State Senator Fumes Over Same-Sex Marriages
In his fifth-floor office here in the California Capitol, surrounded by mementos from his career as a record-setting test pilot, state Sen. William “Pete” Knight was going ballistic over San Francisco’s same-sex marriages.
“A sham,” fumed Knight. “A sideshow.”
Four years ago, the Palmdale Republican was author and chief patron of the 14-word proposition, overwhelmingly approved by state voters, recognizing “only marriage between a man and a woman” as valid. For the last week, Knight has looked on with horror and rage as nearly 3,000 gay and lesbian couples defiantly tied the knot at San Francisco City Hall. Moreover, Knight’s well-funded advocacy organization, the Proposition 22 Defense and Education Fund, has so far been unsuccessful in its attempt to block the marriages in court.
Although furious with the courts, Knight’s anger is directed at San Francisco Mayor Gavin Newsom, who says same-sex marriages are a civil right protected by the state Constitution.
“He sure made a splash,” Knight said of Newsom. “He is known all over the country now. If that was his objective, he has accomplished it.”
But the events also touched closer to home. Two years ago, Knight’s son David, like him a former Air Force fighter pilot, exchanged vows with his partner during a Thanksgiving vacation in Vermont, which issues “civil union certificates” to same-sex couples.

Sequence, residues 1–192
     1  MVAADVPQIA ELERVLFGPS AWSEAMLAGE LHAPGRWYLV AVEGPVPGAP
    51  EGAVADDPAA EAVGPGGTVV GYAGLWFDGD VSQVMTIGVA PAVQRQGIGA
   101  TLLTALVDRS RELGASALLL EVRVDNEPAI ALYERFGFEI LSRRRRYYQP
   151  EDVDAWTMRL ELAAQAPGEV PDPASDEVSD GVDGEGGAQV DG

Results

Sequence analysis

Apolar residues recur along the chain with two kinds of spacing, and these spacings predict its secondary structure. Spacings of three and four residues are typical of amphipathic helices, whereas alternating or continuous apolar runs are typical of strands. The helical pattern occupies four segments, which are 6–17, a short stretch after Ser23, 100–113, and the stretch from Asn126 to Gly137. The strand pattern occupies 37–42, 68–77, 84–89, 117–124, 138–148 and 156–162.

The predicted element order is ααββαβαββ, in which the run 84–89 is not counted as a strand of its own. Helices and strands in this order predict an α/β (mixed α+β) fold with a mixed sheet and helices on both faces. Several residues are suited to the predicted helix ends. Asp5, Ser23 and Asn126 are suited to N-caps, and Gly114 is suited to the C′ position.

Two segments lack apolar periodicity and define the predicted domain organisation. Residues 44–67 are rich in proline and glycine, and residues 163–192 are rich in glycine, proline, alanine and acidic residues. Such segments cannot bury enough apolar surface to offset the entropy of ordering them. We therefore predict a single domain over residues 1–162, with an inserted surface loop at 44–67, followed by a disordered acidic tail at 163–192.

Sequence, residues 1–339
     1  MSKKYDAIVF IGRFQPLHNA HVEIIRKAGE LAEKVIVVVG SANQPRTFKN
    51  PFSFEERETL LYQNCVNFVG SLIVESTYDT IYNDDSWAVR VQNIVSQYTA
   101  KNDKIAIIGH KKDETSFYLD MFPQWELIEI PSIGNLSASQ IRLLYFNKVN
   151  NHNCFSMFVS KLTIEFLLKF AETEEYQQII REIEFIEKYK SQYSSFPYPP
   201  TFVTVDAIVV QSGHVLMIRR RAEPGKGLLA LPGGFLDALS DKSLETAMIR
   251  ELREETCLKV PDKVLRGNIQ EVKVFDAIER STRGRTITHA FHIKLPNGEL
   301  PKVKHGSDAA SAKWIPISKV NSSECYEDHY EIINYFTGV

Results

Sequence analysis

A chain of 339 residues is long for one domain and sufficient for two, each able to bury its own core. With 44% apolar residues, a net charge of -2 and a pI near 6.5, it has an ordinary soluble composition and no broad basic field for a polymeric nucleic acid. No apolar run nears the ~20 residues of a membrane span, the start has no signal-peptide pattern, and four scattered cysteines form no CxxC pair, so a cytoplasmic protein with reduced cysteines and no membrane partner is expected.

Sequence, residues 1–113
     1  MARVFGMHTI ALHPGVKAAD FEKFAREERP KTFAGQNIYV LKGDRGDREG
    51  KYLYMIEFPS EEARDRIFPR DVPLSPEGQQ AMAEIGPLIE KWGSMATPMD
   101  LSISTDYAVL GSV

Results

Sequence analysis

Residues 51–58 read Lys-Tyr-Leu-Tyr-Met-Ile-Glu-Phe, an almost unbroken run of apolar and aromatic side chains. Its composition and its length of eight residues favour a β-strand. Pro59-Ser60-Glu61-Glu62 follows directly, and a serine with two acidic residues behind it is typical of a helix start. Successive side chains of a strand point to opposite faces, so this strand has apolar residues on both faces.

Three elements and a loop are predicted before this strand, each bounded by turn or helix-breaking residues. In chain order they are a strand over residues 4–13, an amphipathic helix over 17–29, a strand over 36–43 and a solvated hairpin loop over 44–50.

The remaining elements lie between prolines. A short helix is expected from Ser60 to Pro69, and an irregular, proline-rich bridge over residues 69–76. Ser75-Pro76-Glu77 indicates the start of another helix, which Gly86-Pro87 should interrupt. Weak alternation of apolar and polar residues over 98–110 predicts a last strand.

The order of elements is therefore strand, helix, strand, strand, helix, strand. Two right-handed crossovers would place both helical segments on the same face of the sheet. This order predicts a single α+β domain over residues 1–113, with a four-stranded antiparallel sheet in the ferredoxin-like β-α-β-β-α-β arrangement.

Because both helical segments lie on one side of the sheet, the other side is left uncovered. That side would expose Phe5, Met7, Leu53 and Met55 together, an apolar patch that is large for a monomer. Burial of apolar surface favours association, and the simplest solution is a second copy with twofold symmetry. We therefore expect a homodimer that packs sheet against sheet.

“We got civil unionized as you can do in Vermont,” said David Knight’s partner, Joseph Lazzaro, in a telephone interview Thursday. He said the couple -- recently marking their 10th year together -- have discussed coming to San Francisco for a marriage license, although they have no immediate plans.
Lazzaro said the state senator has had only sporadic contact with his son over the last several years. “I remember a card one birthday, maybe a phone call,” Lazzaro said.
The 75-year-old Knight, a former X-15 test pilot who still holds the world speed record for fixed-wing aircraft, refuses to discuss his son’s domestic situation.
“It is not anybody’s business,” Knight said. “My family conditions are irrelevant.”
During the 1999 campaign for Proposition 22, the younger Knight wrote a public letter asking his father to reconsider his position on gay marriage.
Sitting in his office chair next to an ax handle labeled “Pete’s Attitude Adjuster” and photos of his illustrious flying career, the 5-foot-5 politician said he was troubled that the issue probably will be decided in the courts.
“This is the biggest public policy issue since slavery,” Knight said, his voice rising. “I don’t believe that the judges or the Legislature ought to be making that decision. It ought to be the people of the country deciding.”